Tuesday, January 20, 2009

Hero On the Hudson

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Chesley Sullenberger, the pilot of US Airways Flight 1549, is an American hero. After his plane struck a flock of ducks, which flew into the left engine and shut it down, Sullenberger still managed to safely land and evacuate all 150 passengers on the Hudson River.

How did he pull off such a feat? From all accounts, almost his entire life was spent in preparation. At age 15, he already flew a crop duster. Before he became a commercial pilot, in his Air Force days he flew F-4 Phantom II fighter planes and led war game exercises. Two years before the miracle landing, he started up a consulting firm, Safety Reliability Methods, to help insure the safety of commercial aviation.

When disaster struck, Sully knew exactly what to do and he did it. Another pilot may not have been as prepared. We'll never know.

Now let's pretend Sullenberger is a fictional hero in your book. As such, you can't just play out the bird strike and show how he handled it. Readers would find it hard to believe he could have been so lucky to pull off such a feat.

On the other hand, if you wove bits and pieces of Sullenberger's backstory in strategic spots in your novel, when the bird strike occurs and the Hero on the Hudson rises to the occasion, your readers will get that "Aha" moment. They'll immediately understand how he could have done it and be satisfied with the result.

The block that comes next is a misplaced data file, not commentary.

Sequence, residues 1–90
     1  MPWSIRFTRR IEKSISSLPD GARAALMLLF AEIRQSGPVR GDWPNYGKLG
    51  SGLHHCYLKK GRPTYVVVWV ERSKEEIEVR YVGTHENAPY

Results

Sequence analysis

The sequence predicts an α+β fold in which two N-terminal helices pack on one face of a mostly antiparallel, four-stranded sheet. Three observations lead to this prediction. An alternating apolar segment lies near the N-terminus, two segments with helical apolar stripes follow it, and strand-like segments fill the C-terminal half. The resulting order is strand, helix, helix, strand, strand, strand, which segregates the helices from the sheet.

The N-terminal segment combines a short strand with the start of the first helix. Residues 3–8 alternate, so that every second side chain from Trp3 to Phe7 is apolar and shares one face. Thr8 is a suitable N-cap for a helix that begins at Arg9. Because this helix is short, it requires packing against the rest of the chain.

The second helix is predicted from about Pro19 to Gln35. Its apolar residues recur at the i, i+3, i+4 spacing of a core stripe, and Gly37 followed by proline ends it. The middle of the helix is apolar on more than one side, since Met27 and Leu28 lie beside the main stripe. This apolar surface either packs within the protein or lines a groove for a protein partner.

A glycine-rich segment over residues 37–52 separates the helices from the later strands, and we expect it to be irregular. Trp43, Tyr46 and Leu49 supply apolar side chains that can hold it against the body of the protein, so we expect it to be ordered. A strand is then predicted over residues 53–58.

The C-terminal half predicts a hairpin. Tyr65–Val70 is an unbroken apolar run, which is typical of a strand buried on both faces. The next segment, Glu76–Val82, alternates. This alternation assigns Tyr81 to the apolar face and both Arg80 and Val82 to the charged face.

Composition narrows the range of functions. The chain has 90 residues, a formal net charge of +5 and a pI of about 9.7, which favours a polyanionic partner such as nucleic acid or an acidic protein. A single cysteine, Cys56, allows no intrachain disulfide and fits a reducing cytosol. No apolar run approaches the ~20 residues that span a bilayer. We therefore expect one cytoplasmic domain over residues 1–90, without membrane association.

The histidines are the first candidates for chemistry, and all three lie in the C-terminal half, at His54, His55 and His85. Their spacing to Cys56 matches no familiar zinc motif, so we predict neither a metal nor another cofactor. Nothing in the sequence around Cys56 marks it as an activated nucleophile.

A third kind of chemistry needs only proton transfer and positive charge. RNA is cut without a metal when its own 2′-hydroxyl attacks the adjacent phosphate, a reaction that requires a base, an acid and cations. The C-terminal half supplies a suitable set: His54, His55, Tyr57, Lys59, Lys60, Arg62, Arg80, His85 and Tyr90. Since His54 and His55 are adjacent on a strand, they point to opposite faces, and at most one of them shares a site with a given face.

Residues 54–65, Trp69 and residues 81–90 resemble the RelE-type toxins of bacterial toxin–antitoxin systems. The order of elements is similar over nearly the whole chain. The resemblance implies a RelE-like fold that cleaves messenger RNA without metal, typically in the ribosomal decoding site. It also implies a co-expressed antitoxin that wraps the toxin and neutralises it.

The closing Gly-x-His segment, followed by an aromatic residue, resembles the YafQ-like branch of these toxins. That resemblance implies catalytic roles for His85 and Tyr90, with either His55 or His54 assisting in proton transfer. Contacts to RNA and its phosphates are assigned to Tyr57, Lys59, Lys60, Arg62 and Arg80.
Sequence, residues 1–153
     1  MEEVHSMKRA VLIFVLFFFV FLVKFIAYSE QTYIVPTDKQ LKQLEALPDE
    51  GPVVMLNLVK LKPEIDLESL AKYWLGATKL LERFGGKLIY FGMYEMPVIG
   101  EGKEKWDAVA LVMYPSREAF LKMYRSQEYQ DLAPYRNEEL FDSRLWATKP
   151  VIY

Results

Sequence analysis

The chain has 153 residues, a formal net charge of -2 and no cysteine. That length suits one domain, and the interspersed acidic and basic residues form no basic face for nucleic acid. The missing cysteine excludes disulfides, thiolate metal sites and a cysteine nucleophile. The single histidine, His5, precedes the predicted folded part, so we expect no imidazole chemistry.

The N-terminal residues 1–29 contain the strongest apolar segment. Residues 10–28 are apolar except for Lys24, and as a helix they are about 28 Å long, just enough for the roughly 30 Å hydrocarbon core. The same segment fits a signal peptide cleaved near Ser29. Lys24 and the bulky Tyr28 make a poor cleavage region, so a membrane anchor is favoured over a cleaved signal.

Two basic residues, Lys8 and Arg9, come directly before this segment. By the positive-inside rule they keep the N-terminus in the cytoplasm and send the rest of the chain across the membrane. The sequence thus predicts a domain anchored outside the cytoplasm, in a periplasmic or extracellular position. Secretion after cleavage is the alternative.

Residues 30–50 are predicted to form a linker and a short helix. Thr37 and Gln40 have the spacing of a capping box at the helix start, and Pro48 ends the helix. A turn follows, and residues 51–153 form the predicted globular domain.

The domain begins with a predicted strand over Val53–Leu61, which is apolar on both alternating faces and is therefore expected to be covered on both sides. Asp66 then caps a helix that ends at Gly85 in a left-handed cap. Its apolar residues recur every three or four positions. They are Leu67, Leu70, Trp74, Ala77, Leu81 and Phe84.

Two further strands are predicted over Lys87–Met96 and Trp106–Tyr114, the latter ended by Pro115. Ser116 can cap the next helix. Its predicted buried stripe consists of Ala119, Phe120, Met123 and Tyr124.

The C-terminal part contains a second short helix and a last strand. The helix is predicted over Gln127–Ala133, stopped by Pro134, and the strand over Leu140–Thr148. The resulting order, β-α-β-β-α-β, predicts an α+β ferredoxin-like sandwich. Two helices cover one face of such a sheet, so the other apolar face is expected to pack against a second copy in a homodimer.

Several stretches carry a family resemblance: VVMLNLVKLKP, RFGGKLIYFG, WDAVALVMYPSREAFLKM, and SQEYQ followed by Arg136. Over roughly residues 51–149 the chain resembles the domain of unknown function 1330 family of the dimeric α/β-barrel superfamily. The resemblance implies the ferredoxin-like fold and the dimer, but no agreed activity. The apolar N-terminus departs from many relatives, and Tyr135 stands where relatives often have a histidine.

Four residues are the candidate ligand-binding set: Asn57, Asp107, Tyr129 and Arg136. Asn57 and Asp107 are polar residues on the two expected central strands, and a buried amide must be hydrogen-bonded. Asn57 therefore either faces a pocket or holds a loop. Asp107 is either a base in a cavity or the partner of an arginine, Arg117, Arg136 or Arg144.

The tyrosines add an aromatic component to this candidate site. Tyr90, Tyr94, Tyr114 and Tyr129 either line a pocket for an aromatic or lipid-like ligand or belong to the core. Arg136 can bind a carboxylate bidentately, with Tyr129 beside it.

To recap, be sure to lay groundwork in your novel to make your hero or heroine's actions more believable. Can you think of instances or examples where authors have done a good or bad job at this? Please share.

Morgan Mandel



  1. As beginning writers, we are often taught to cut out the backstory, but you are right... it's such an integral part of of their personality that the characters are barren without it. It's finding that happy middle that's so darned hard.

  2. The first example that pops to mind is JD Robb. Her characters in the In Death series have such troubled pasts, but they formed the characters into something stronger...and in a lot of ways, more realistic. Even though they may be set into the future, you can relate on some level.

    I find it hard to do that without having an 'info' dump. It is a fine balancing act-one which I am still working on.


  3. It really is a balancing act. Small things, little bits of personality and actions, peppered into the story.

    You could also say that Sullenberger's story is an example of how a writer should develop -- learning new techniques, practicing the craft, exercising the writing muscles, constantly perfecting the skills.

  4. In "Angels and Demons" where the hero falls out of a helicopter and survives. That's one author off of my list.


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